Which brings us to Oklahoma City big man Enes Kanter. He is a native of Turkey, and he has been outspoken in his opposition to that country’s current president Recep Tayyip Erdoğan. Last week the Turkish government revoked Kanter’s passport while he was traveling the globe promoting his charity. He barely got out of Indonesia and was able to get to Romania, where he was detained for a stretch before getting to return to the United States via London.

Now, the Turkish government has issued an arrest warrant for Kanter, reports the Agence France-Presse.

Turkey issued an arrest warrant on Friday for Turkish NBA star Enes Kanter, accusing him of being a member of a “terror group”, a pro-government newspaper reported.

A judge issued the arrest warrant after an Istanbul prosecutor opened an investigation into Kanter’s alleged “membership of an armed terrorist organisation”, Sabah daily reported.

He is in no danger of being extradited by the United States because of this. If anything, it strengthens his case for U.S. citizenship based on asylum.

Kanter is a supporter of the Gülen movement in that country, which is led by the exiled cleric Fethullah Gulen, who currently lives in Pennsylvania. That movement has opposed Erdogan (who recently won a disputed election in that country that gives him sweeping, almost dictatorial powers). Erdogan blamed Gulen for masterminding a failed 2016 coup attempt in Turkey, one with members of the military involved (after that attempt members of the Gulen movement have been swept up by the government all over Turkey. This has come at a cost for Kanter, who has been disavowed by his own family because of his political beliefs.

Kanter is not about to back down from his position. Which means it may be a long time before he gets to visit his homeland again.

Report: Duke guard Frank Jackson undergoes foot surgery before NBA draft

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Duke guard Frank Jackson declared for the 2017 NBA draft with an outside shot of going in the first round and a likelihood of getting picked in the second-round.

This won’t help his stock.

Adrian Wojnarowski of Yahoo Sports:

Duke’s Frank Jackson, a well-regarded point guard in the 2017 NBA draft class, underwent right foot surgery and is expected to be fully recovered sometime in July.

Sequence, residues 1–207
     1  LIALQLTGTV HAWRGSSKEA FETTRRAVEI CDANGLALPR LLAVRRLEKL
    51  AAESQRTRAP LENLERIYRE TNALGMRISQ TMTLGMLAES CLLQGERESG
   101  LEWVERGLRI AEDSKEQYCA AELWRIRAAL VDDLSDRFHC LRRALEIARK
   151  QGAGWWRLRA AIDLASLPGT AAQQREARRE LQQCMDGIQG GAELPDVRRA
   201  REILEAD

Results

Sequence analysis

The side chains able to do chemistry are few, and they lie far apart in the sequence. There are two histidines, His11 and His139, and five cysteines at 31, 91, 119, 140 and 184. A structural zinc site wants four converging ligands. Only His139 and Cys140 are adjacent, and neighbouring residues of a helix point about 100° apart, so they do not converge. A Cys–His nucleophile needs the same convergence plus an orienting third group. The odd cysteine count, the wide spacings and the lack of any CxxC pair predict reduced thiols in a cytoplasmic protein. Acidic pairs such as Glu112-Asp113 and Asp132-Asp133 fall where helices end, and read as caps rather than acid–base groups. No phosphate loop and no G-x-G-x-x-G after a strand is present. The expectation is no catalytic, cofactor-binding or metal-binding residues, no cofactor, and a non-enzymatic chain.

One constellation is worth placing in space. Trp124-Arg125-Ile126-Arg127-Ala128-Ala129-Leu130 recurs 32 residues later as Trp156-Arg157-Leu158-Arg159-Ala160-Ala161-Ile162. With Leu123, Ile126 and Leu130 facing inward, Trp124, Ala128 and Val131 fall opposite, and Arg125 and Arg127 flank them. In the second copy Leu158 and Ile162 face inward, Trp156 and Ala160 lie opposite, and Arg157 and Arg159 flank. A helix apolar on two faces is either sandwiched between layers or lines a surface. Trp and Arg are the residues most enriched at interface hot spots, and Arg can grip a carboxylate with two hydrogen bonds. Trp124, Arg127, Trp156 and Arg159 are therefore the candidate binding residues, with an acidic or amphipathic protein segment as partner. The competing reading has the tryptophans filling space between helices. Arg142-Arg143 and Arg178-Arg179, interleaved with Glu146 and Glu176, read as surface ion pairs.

When Jackson recovers will determine whether he plays in summer league, and that can affect transition to the pros as a rookie.

The bigger questions: Will this hinder his athleticism long-term? Does this put him at greater injury risk?

Jackson, a 6-foot-4 scoring guard, relies on a strong first step to attack the basket and high elevation on his jumper.

Report: 76ers, with No. 3 pick in NBA draft, like PGs De’Aaron Fox and Dennis Smith Jr.

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If there’s consensus on the top prospects in the 2017 NBA draft, it’s:

1. Markelle Fultz

2. Lonzo Ball

3. Josh Jackson

That squares nicely with the Celtics picking Fultz No. 1 and the Lakers taking Ball No. 2.

But what about the 76ers, who pick No. 3? They already have a playmaking forward with a shaky jumper in Ben Simmons. Jackson isn’t the cleanest fit. Even if they plan to deploy Simmons at point guard, they could still use a traditional point guard for support/insurance.

Enter De'Aaron Fox and Dennis Smith Jr.

Stefan Bondy of the New York Daily News:

https://twitter.com/SBondyNYDN/status/867526157184491521

The 76ers could also get a workout with Ball. There will be point guard options.

I’m just unsure any of them, assuming Ball is off the board, trump Jackson.

Philadelphia’s starting small forward is Robert Covington – a nice player, but not someone who should influence draft decisions. We can lightly pencil Joel Embiid and Ben Simmons into the 76ers’ starting lineup the next time the team gets good, but the rest of the lineup is open. Pondering Jackson’s fit into a half-blank canvass is overthinking. Embiid is an excellent outside shooter for a center, and Philadelphia’s eventual guards (or shooting guard and power forward if Simmons plays point guard) could be good shooters.

The 76ers’ should draft the best prospect available. If that’s Jackson, so be it. They should consider Fox’s and Smith’s fit only if those point guards are in the same tier as Jackson.

That said, don’t rule out the possibility of Fox and Smith working their way into that level. They’re intriguing players.

Thunder’s Enes Kanter: ‘I don’t like Golden State, so I want Cleveland to win the championship’

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When Kevin Durant left the Thunder for the Warriors, Oklahoma City center Enes Kanter jumped fully on board the pro-Russell Westbrook, anti-Durant bandwagon.

That ride doesn’t stop with his former teammate facing the Cavaliers in the NBA Finals.

Kanter, via Fox Sports Radio:

I don’t like Golden State, so I want Cleveland to win the championship.

Kanter never misses an opportunity to take a shot at the Warriors – except when Zaza Pachulia laid out Westbrook and stood over him.